CoderZ is an online STEM learning environment where students worldwide engage in Robotics and Computer Science Education (CSEd) by coding virtual 3D robots.

 

Screen Mirroring, Screencasting and Screen Sharing in Higher Education — from edtechmagazine.com by Derek Rice
Digital learning platforms let students and professors interact through shared videos and documents.

Excerpt (emphasis DSC):

Active learning, collaboration, personalization, flexibility and two-way communication are the main factors driving today’s modern classroom design.

Among the technologies being brought to bear in academic settings are those that enable screen mirroring, screencasting and screen sharing, often collectively referred to as wireless presentation solutions.

These technologies are often supported by a device and app that allow users, both students and professors, to easily share content on a larger screen in a classroom.

“The next best thing to a one-to-one conversation is to be able to share what the students create, as part of the homework or class activity, or communicate using media to provide video evidence of class activities and enhance and build out reading, writing, speaking, listening, language and other skills,” says Michael Volpe, marketing manager for IOGEAR.

 

‘The Dangers of Fluent Lectures’ — from insidehighered.com by Colleen Flaherty
A study says smooth-talking professors can lull students into thinking they’ve learned more than they actually have — potentially at the expense of active learning.

Excerpt:

The paper also provides important insight into why active learning hasn’t taken deeper root in academe, despite the many studies that have previously identified its effectiveness as compared to more passive approaches (namely the lecture). In a word: students. That is, while professors are often seen as the biggest impediments to innovative teaching, the study describes an “inherent student bias against active learning that can limit its effectiveness and may hinder the wide adoption of these methods.”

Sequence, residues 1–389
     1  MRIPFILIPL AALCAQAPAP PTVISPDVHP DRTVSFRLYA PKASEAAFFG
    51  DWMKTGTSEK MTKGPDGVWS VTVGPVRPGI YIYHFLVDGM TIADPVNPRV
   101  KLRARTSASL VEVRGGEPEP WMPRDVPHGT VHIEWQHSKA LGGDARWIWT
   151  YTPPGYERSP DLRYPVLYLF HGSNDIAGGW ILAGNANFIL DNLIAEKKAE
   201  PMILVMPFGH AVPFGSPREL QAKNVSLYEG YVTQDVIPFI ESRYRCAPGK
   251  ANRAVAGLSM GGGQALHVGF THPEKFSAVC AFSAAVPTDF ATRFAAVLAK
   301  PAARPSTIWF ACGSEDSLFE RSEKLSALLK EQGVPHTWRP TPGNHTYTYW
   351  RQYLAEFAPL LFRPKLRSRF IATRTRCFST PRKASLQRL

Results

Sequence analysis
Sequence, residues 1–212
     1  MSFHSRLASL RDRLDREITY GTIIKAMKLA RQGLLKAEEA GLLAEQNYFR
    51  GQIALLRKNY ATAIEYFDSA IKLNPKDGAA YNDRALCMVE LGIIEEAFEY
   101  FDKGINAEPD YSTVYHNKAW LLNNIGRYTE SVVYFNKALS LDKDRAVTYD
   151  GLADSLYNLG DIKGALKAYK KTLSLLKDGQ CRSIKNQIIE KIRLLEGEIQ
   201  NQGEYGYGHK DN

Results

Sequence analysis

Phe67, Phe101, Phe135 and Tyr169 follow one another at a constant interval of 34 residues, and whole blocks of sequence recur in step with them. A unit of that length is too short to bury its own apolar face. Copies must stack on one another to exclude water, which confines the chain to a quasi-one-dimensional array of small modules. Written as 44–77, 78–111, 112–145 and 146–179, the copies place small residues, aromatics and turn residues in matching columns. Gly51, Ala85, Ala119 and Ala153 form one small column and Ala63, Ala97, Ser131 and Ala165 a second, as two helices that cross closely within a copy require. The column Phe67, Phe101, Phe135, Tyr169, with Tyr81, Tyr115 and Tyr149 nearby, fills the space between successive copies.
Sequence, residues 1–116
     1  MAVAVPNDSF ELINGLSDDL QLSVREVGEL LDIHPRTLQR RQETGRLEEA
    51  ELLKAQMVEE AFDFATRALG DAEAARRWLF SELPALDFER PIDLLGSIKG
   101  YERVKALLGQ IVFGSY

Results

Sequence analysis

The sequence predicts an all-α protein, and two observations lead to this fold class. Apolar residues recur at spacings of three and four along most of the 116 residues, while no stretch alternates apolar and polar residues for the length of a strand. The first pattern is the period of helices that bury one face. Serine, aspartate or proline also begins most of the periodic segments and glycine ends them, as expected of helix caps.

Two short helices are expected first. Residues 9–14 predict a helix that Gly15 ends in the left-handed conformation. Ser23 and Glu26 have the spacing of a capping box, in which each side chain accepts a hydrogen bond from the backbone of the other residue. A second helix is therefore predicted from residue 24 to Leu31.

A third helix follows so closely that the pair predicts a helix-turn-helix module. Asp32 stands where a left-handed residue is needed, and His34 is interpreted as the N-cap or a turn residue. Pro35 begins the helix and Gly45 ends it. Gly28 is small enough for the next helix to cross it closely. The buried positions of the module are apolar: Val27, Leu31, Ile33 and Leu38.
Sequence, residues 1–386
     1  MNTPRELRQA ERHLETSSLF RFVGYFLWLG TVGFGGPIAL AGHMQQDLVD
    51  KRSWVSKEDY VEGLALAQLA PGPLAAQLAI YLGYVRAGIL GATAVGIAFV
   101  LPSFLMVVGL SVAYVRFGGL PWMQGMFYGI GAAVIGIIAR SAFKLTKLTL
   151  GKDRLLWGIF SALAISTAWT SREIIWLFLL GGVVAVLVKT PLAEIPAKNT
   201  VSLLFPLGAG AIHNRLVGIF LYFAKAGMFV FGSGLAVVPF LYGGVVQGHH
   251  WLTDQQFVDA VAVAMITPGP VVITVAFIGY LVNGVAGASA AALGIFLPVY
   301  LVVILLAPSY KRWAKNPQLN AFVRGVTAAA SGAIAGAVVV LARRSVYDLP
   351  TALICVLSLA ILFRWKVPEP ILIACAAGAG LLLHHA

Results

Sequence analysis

Compared with students in traditional lectures, students in active classes perceived that they learned less, while in reality they learned more. Students also rated the quality of instruction in passive lectures more highly, and expressed a preference to have “all of their physics classes taught this way,” despite their lower test scores.

In some ways, he said, “the study confirms what we have suspected anecdotally for a long time — that students feel more comfortable in a lecture environment and believe that they are learning more because of the expectations they have for a college learning environment.” But, in fact, he said, they’re “actually learning more in the environments where they are actively engaged in building knowledge about key concepts.”

 

From DSC:
The part about the students feeling more comfortable in a lecture environment and believing that they are learning more reminded me of this research/paper (which the graphics below reference and link to as well), where they mention the practices of highlighting and re-reading some text. Students feel like they are really learning the content more thoroughly when they are doing these things (and this is what I did in college as well). But the evidence shows that the utility of these methods is low. Instead, practice testing — which involves retrieval practice, as well as distributed practice and interleaved practice produce stronger results.

So what students feel and what’s actually occurring can be different…as Colleen’s article from insidehighered.com points out.

That said — and as the article asserted as well — is that some lecturing is fine to do: